I confess, I don’t see the appeal of Facebook. But with over 500 million users worldwide, who cares what I think? Da people have spoken and spoken emphatically. That’s one hell of a demographic – an unmissable and irresistible marketing target for Hollywood.
It comes as no surprise, then, that The Social Network, which tells the story of Facebook’s beginnings, has been a box office smash in the States, topping takings in its first two weeks and already recouping production costs. Good business, clearly, but what about the film?
Oh, it’s good alright. Profit motives aside, the story of the founding of Facebook is ripe for the dramatic picking. All the elements of dramatic intrigue are there: treachery and betrayal, vengeance, Faustian temptation, rebellion against the established social order, ruthless players competing for high stakes…and it’s a ‘true story’! Writer Aaron Sorkin (The West Wing, A Few Good Men) must have relished his task – and it shows. The screenwriting is inspired. As are the direction by David Fincher and the acting performances.
Facebook founder Mark Zuckerberg (brilliantly played by Jesse Eisenberg) is portrayed as an angry young misfit, a Harvard University nerd who craves the social status and recognition that is symbolised by membership of exclusive Harvard clubs to which he has no access. These clubs are traditional and old-school – the domain of WASP jock types rather than weedy Jewish geeks like Zuckerberg.
In a drunken fit of pique after his girlfriend Erica (Rooney Mara) dumps him, he hacks into the university database and posts pictures of her and other female students on his ‘FaceMash’ babe-comparison site. This earns him 6 months academic probation, but lands him a job as a programmer working on the website of all-American twins and members of Harvard’s rowing team, Cameron and Tyler Winklevoss (Armie Hammer). Their site, “Harvard Connection’, is a crude social networking facility catering for Harvard uni students, but provides Zuckerman with the seed of a much bigger idea…or so the brothers claim in a subsequent infringement of copyright lawsuit they file when Facebook takes off on a massive scale.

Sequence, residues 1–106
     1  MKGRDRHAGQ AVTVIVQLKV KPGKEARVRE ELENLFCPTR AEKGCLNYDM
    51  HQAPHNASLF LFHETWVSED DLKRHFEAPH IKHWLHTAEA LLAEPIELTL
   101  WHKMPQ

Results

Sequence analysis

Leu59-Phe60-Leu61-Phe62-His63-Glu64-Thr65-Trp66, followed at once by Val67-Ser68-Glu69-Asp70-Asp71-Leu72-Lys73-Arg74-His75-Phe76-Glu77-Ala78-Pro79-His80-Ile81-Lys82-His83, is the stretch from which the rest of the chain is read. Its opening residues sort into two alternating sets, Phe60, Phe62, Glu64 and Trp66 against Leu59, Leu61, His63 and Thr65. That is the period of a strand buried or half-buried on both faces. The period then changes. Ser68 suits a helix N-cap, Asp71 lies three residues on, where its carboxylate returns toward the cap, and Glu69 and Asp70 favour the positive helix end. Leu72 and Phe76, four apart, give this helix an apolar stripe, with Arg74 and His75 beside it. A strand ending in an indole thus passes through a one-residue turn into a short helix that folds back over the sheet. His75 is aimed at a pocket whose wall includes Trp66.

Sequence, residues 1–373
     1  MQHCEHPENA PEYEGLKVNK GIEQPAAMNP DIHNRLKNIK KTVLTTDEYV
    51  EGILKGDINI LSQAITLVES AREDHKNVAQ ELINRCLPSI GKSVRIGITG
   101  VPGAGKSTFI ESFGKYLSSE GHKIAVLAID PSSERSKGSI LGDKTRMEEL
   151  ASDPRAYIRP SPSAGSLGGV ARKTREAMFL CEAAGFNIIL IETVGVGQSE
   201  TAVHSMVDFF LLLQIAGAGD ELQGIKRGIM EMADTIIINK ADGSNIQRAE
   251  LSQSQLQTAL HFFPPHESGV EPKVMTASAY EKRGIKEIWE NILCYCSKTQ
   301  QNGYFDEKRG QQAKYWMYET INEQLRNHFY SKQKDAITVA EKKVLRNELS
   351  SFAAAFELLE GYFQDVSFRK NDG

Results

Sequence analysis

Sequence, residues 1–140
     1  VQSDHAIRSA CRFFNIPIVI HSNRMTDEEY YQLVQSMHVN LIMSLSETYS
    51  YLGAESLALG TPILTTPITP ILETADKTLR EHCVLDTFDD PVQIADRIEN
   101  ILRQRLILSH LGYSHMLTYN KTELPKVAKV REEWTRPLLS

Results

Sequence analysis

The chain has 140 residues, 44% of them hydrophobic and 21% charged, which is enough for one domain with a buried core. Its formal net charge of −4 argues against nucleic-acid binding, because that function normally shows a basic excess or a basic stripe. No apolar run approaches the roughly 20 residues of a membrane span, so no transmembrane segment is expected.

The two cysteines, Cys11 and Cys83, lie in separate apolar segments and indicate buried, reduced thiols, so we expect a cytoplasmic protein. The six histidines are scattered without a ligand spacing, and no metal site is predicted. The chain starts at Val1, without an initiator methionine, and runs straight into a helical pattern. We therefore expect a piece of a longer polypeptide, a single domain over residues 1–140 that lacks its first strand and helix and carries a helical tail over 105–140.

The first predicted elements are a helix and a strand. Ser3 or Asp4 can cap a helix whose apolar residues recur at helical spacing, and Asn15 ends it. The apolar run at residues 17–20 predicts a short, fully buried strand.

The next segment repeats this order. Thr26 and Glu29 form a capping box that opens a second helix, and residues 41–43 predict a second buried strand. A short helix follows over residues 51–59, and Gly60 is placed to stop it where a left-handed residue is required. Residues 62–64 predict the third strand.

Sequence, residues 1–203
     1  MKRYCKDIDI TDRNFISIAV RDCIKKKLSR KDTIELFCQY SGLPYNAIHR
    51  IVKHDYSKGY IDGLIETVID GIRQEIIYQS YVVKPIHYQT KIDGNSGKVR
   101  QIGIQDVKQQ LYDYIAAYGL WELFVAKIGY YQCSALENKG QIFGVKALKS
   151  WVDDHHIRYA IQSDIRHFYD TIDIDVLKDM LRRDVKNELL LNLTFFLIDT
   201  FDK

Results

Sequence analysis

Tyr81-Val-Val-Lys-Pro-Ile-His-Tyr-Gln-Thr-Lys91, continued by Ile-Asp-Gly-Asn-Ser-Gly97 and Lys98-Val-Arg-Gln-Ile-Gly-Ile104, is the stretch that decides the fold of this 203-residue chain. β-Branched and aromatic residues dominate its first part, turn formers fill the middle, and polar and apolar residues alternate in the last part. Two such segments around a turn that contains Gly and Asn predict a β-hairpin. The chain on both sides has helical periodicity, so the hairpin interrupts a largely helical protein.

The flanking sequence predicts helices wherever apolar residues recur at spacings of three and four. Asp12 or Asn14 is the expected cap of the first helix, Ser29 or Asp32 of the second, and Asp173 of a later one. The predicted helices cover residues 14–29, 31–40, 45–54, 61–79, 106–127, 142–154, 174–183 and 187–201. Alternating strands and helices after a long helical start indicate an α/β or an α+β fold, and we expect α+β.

The story zigzags between two parallel narrative strands – the development of Facebook and a later period of legal negotiations between Zuckerman and his adversaries. This is structurally shrewd, juxtaposing a dramatic reconstruction of ‘what happened’ with the warring parties’ perceptions.
On the way through, we are given a fascinating tour of the world of the high-flying supergeek. Much is as you might expect: manic programming sessions in between hard partying, pitches to ‘angels’ (venture capitalists), and a whole lotta skulduggery by players seeking their slice of the rapidly expanding Facebook pie – notably Napster co-founder Sean Parker (Justin Timberlake), who comes across as a scheming narcissistic marketing visionary without a moral bone in his body.
Something that did surprise me: the roles of the (mostly Asian) female members of the Facebook entourage are largely decorative or sexual – essentially, they are presented as groupies. I’d have thought the culture of Gen Yers at the cutting edge of web technology would have been more sophisticated, and that young women in that set would have demanded more respect than the gals in the movie were afforded. Not that they deserved much. They come across as bimbos much of the time, messing around with computer games, giggling and getting stoned, while the boys are busy creating history!
The final scene of the movie is poignant and telling, and speaks to the irony of the title. Spoiler consciousness precludes me from elaborating. Suffice it to say the network behind the emergence of Facebook was hardly ‘social’, and Zuckerberg, for all his 500 million ‘friends’, is as lonely and full of yearning at the end as he is at the beginning. I guess the billions of bucks in his bank account must have been some compensation.
Who knows how accurate a depiction this is of the reality? That doesn’t matter much to me as a reviewer. My concern is the film – and in my view, it works tremendously well. Highly recommended.
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